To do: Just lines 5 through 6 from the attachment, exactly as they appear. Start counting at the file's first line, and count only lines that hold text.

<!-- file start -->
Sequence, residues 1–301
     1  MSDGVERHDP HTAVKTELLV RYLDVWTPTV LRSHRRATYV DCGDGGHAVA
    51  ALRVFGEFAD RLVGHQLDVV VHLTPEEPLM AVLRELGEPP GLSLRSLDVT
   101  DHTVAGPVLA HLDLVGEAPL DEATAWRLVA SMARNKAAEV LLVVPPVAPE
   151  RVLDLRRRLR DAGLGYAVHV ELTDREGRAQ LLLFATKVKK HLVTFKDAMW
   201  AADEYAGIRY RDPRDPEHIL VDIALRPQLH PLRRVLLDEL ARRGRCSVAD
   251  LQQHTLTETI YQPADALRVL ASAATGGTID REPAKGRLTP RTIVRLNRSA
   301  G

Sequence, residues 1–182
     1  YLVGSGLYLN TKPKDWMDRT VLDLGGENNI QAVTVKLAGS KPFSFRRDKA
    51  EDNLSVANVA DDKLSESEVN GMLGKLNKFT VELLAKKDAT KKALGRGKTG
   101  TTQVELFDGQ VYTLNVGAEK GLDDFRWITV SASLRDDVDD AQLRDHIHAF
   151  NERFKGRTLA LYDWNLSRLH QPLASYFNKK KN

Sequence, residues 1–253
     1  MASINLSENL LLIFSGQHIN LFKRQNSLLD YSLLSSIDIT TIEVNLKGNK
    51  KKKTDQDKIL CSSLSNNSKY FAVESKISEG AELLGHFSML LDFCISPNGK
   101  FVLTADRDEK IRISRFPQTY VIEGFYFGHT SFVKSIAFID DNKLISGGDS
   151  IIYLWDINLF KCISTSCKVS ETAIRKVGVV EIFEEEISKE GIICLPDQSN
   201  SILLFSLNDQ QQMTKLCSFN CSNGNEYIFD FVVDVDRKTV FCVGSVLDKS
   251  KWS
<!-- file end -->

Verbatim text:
   151  RVLDLRRRLR DAGLGYAVHV ELTDREGRAQ LLLFATKVKK HLVTFKDAMW
   201  AADEYAGIRY RDPRDPEHIL VDIALRPQLH PLRRVLLDEL ARRGRCSVAD